Addiction to Inhalants
Even though national surveys indicate that 21.7 million Americans have used inhalants at least once in their lives, inhalant abuse is less common than other drugs, and most cases occur in more isolated regions. However, inhalants do have addictive qualities. The danger of an inhalant addiction shouldn’t be overlooked just because it is less common than others.
People who use inhalants on a regular basis over a long period of time can develop a physical and psychological dependence on the substance.
Inhalant use is most prevalent among teenagers. Studies suggest that between 13.1% and 16.1% of 8 graders use inhalants, which is approximately the same percentage that use marijuana. People who are unable to control their inhalant use despite knowing the negative consequences and health effects are generally considered to have an addiction. Even those with an overwhelming desire to stop abusing inhalants may be unable to do so. The ready availability of inhalants at home and in stores may make it difficult for someone with a severe addiction to quit on their own.
Inhalants are volatile, often flammable substances that vaporize at room temperature. Inhalants produce short-lived, mind-altering effects that can be similar to alcohol’s effects. Inhalants encompass a wide variety of chemicals and anesthetics categorized together based on their method of administration: inhalation. These substances are often referred to as whippets, laughing gas, huff or hippie crack.
Substances Considered Inhalants
Inhalant abuse includes the misuse of household solvents, gases and anesthetics. Household inhalants can be anything from cleaning products to gasoline.
Anesthetics are gases used to medically reduce sensitivity to pain. Nitrous oxide and chloroform are some well-known anesthetics. Nitrous oxide is best known as “laughing gas” and is commonly used by dentists. This gas is also used in cans of whipped cream, which is where most abusers get it.
Amyl nitrite is also a popular inhalant that has been used to increase blood flow in people with heart disease. Nitrites are oftentimes subjugated to their own class of inhalants because they act primarily as a muscle relaxant, different from the effects of other inhalants.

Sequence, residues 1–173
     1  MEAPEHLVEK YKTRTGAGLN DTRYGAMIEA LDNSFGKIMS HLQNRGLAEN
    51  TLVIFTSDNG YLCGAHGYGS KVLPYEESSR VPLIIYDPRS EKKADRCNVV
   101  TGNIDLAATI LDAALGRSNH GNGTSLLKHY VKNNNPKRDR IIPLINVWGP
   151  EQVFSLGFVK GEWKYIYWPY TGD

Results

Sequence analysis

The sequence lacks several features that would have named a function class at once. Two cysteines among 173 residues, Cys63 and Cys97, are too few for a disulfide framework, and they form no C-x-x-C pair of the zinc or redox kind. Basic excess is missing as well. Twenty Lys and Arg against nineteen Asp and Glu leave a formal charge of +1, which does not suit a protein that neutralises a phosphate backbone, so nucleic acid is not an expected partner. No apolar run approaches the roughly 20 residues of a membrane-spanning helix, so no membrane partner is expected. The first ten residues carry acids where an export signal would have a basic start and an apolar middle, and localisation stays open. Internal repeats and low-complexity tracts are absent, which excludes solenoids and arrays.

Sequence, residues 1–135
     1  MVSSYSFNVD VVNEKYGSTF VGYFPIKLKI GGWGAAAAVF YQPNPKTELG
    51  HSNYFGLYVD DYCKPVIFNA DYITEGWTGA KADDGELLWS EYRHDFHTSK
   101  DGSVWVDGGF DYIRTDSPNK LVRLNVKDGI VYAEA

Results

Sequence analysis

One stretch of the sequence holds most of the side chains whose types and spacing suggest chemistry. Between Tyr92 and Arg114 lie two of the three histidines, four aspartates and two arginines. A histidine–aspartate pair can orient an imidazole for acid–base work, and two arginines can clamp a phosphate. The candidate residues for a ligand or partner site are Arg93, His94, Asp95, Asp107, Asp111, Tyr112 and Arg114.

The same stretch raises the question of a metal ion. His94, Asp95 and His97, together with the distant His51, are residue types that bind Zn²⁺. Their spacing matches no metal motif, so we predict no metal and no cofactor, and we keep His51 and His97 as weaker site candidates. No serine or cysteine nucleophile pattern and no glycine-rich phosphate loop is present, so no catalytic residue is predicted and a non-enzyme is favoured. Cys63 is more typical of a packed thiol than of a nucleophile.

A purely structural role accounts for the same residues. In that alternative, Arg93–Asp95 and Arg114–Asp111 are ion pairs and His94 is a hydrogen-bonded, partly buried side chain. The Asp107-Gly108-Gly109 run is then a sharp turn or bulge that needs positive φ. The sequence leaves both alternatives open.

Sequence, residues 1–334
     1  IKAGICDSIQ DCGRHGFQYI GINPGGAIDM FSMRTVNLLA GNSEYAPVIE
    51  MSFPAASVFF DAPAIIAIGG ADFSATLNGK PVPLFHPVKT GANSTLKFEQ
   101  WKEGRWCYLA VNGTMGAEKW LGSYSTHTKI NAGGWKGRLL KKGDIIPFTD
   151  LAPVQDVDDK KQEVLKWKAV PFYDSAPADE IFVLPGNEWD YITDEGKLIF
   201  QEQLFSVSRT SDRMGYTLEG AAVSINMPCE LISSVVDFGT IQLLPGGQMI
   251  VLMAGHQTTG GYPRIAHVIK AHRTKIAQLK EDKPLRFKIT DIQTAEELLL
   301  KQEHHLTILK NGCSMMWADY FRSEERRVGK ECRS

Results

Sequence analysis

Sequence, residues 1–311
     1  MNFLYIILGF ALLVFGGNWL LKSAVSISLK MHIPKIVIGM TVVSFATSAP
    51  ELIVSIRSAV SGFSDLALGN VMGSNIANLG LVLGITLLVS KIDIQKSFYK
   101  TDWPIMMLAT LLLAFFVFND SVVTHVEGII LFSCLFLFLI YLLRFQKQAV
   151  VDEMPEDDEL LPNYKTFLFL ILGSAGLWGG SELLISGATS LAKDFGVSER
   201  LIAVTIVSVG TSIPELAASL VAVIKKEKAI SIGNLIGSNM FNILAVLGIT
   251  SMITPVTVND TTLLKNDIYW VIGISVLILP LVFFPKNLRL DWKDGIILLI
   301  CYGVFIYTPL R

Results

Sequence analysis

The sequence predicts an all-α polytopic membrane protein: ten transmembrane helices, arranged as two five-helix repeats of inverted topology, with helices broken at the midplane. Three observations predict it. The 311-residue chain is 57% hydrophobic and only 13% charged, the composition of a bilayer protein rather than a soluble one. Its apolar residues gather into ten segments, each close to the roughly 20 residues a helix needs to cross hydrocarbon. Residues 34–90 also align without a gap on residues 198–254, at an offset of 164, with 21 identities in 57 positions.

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Classes of Inhalants
- Paint thinners
- Dry-cleaning fluids
- Lighter fluid
- Correction fluids
- Felt-tip marker fluid
- Electronic contact cleaners
- Nail polish
- Nail polish remover
- Spray paint
- Hair spray
- Deodorant spray
- Aerosol computer cleaning products
- Vegetable oil sprays
- Butane lighters
- Propane tanks
- Whipped cream dispenses (commonly referred to as whippets)
- Nitrous oxide (“laughing gas”)
- Video head cleaner
- Room odorizer
- Leather cleaner
- Liquid aroma
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Inhalant Effects and Abuse
Inhalants can be abused using several different methods, with the most common being “huffing.” Huffing is soaking a rag with a liquid inhalant, holding the rag up to one’s mouth and/or nose, and then inhaling the vapors. Some people inhale the substance directly from its container through their mouth or nose.
People may also inhale the substance out of a plastic or paper bag or inhale gas from balloons. Some people have reportedly heated these substances before inhaling them to intensify the effects.
Inhalant intoxication has been compared to alcohol intoxication due to their similar effects, such as impaired judgment or motor function. Unlike alcohol, inhalants can cause a temporary hallucinatory state. Additionally, the effects of inhalants only last for a few minutes. The effects of inhalants include:
- Loss of self-control
- Limited reflexes
- Loss of coordination
- Blacking out
- Slurred or distorted speech
Teens are the largest group of individuals abusing inhalants. The average age among first-time users in 2012 was about 17 years of age.
Any use of inhalants is considered abuse in part because of the serious damage these substances can inflict on the body. Inhalants act as a central nervous system depressant, and higher doses or deep breathing of these solvents can result in a fatal overdose. This is usually preceded by the user losing touch of reality and experiencing nausea, vomiting and unconsciousness. A fatal overdose is generally the result of heart failure, asphyxiation or the drug causing the user to stop breathing on their own.
Additional long-term effects of inhalant use include:
- Liver and kidney damage
- Hearing loss
- Bone marrow damage
- Loss of coordination and limb spasms
- Nerve damage
- Delayed behavioral development
- Brain damage
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Inhalant Abuse Statistics
There were over 10,000 visits to the emergency room for inhalant abuse in 2011.
percent of teenagers
Over 60% of first-time users are teenagers and abuse is more common among younger teens.
cases of addiction
Inhalant dependence is rare—about 140,000 dependencies in 2011. For comparison, there were over 100 times as many alcohol dependencies in the same year.
Treating an Inhalant Addiction
Inhalant addiction is a very serious problem that can cause permanent brain damage in a short period of time. Most individuals who suffer from inhalant addiction need for professional treatment. There are both inpatient and outpatient treatment options available for people suffering with an addiction to inhalants.
Inhalants are one of the most detrimental substances of abuse to a person’s health. If you or someone you know has an inhalant addiction, get help finding treatment.